Gulfstream Aerospace on October 23 completed the first flight of its fifth G700 test aircraft, just three weeks after the fourth G700 flew for the first time on October 2.
“The G700 flight-test program is progressing exceptionally well,” said Mark Burns, president, Gulfstream. “Every day, we come closer to our goal of delivering this revolutionary aircraft to our customers.”
The fifth G700 test aircraft flew for three hours and eight minutes, reaching an altitude of 48,000 feet (14,630 metres) and a top speed of Mach 0.935. This aircraft will focus largely on testing avionics.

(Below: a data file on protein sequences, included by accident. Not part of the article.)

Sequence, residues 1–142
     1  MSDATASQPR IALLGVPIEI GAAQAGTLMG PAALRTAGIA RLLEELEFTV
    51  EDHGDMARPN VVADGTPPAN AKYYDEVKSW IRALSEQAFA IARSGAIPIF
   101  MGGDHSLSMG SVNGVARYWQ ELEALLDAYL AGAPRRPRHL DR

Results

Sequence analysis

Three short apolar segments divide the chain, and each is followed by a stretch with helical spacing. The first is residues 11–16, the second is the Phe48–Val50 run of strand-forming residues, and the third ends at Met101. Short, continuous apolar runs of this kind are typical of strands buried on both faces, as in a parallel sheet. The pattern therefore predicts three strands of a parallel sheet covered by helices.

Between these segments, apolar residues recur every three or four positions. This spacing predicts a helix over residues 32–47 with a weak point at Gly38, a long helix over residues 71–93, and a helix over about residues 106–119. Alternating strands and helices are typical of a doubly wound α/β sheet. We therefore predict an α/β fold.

Powered by Rolls-Royce Pearl 700 engines, the G700 is expected to be rated to fly at a high-speed cruise of Mach 0.90 for 6,400 nautical miles (11,853 km) or at its long-range cruise of Mach 0.85 for 7,500 nm (13,890 km) – IFR, with eight passengers and four crew and acceptable fuel reserves.
The test aircraft have also flown beyond the G700’s projected maximum operating speed and cruise altitude, reaching Mach 0.99 and an altitude of 54,000 feet (16,459 metres). In typical operations, the G700 will be rated for a maximum operating speed of Mach 0.925 and a maximum cruise altitude of 51,000 feet (15,545 metres).
The first G700 test aircraft took flight on February 14, 2020. Gulfstream notes it has since made significant progress in the G700’s flight-test program, including: Cold-weather at Eglin Air Force Base in Florida; flutter; aerodynamic stalls; and envelope expansion.
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